Real-Life Story of a Disabled Mom: Learning & Modeling Body Positivity and Healthy Lifestyle

Posted by Kieran O'Brien Kern in Life After Paralysis on April 01, 2022 # Lifestyle

“I never knew you were ugly until you told me.” Reading those words on a social media post as a new mom chilled me to the bone. I had been up to that point on most diets from Atkins to Zone, and even at my smallest, I thought about surgical intervention to preserve and regain my mobility dissecting self. It was almost a hobby. Hating wasn’t an option; it was more like seeing myself in a constant state of disrepair. My walk needed to be tweaked again. Losing X pounds would make it easier to walk and make my jeans look great. I loved my shoulders until a PT pointed out that they were “winged out.” Compliments were always shaken off with humor.

A deep conversation with myself (I’m a Gemini, who else am I going to talk to?) answered: Do I want my daughter to see her mom (and by extension herself) as a bag of broken spare parts? No, I want her to see me as love, intelligence, beauty, humor, strength, security, and acceptance. Positive self-talk has always been a great jumping-off point for me. So, to the mirror, I dashed and in my exhausted new mom state, I shared a smile with my reflection, my eyebrows and eyelashes still looked amazing, and I loved my freckles and smile. This body just had a baby and was pretty much living on coffee and whatever I could grab with one hand from the fridge. I was doing great. Feeding my little girl, she snuggled into me, reveling in the body she had inhabited not that long before. She ran her fingers over the blanket against my arm, and it was the same thing she had done before she was born… appreciate the softness.

So how do we model body positivity and healthy living? I have a scale, and if I use it, I don’t talk about it. We don’t quantify or qualify the shapes and sizes of people. Other than to say everyone is their unique size and shape for themselves. A few years ago, a kid asked one of my girls why their mom was “so fat” (compared to their mom) so they asked me. I said that I liked the way I looked and that their mom looked nice too. One of the key pieces I want them to take away is to feel comfortable and confident in who they are. I don’t diet. However, we maintain healthy eating habits and have always done so. Proteins, vegetables, and good carbs are on our plates most nights. We have treats too because there is no such thing as good food and bad food. There are “all the time” foods and “sometimes” foods. And there is never talk of “burning off” food or “earning a treat” through exercise.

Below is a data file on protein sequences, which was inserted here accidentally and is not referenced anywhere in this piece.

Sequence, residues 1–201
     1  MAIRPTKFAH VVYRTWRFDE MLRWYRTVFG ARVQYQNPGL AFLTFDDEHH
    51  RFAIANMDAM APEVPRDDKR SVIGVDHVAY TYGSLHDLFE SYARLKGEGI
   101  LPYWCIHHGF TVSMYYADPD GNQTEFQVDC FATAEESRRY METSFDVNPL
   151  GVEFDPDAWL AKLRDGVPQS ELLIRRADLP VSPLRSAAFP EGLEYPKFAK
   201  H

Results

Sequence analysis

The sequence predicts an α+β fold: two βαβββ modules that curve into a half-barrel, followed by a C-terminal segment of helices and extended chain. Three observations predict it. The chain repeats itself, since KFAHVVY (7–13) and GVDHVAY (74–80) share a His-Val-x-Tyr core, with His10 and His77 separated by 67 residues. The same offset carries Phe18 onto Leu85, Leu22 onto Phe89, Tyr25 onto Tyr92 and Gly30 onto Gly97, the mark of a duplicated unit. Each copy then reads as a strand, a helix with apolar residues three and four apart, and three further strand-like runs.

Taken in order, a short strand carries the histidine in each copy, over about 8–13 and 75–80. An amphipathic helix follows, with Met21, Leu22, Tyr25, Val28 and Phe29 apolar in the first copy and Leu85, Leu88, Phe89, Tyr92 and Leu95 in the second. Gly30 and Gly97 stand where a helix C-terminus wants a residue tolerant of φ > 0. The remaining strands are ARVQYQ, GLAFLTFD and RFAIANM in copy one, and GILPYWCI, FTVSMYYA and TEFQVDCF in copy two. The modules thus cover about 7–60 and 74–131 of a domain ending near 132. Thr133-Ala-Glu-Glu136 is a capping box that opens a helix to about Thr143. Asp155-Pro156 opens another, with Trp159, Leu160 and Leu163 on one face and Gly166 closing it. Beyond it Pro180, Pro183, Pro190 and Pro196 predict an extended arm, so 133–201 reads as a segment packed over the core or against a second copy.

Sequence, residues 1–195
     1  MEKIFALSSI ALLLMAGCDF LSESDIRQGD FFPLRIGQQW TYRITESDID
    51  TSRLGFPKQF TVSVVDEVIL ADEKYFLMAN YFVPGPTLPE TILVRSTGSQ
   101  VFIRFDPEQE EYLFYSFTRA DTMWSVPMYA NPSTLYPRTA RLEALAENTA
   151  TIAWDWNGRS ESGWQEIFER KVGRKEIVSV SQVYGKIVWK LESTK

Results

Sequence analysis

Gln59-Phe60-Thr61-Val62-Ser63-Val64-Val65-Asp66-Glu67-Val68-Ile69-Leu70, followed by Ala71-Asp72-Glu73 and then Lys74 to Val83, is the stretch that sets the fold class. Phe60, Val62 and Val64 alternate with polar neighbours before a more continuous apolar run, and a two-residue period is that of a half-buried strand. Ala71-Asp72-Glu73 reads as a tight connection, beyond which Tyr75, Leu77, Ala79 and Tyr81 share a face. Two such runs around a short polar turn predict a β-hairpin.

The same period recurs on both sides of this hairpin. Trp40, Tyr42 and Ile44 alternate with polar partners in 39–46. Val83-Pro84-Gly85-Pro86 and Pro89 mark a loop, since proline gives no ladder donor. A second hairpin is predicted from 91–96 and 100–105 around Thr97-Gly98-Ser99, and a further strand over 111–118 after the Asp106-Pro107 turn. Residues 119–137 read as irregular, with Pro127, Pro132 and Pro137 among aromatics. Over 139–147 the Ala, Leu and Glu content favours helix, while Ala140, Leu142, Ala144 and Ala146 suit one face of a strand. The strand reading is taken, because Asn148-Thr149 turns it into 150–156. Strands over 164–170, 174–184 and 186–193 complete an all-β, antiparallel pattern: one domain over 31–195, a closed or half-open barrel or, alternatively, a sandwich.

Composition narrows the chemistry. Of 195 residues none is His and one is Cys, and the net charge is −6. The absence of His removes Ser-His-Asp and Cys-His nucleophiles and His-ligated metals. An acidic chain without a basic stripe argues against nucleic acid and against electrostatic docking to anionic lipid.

One thing they know is that I love to exercise. When I did adaptive CrossFit remotely before my unrelated injury, my youngest would come in and lift with me. When asked why I exercise, or rather why I’m getting back to exercise after recovering from surgery, my true answer is to have strength and energy to keep up with them. Or the short answer, “Mommy likes feeling strong.”

Due to a period of post-surgical dysphasia last year and a lengthy recovery, I lost muscle. My family saw me through this difficult time where my body hadn’t worked as it always has.

One of the great things about being a parent in this situation is I knew I had to mourn what I lost. I moved on to acceptance and some form of positive action. My kids had to mourn it too. Old Kieran would have either eaten everything in sight or not eaten a thing and pushed herself too far too fast, ruining the healing process. I appreciate the pace of the process and the partners who lift weights with me because they want to get strong with Mommy.

I’m Kieran Bridget O’Brien Kern. Power is literally my middle name. When my husband and I became engaged, we agreed that parenthood was a two-person job. I am the primary caregiver to our children, but we all work as a team. From infancy onward, we have adapted and grown together. Every day there is a new challenge. Every new challenge is an opportunity to learn more about them and myself.

The National Paralysis Resource Center website is supported by the Administration for Community Living (ACL), U.S. Department of Health and Human Services (HHS) as part of a financial assistance award totaling $8,700,000 with 100 percent funding by ACL/HHS. The contents are those of the author(s) and do not necessarily represent the official views of, nor an endorsement, by ACL/HHS, or the U.S. Government.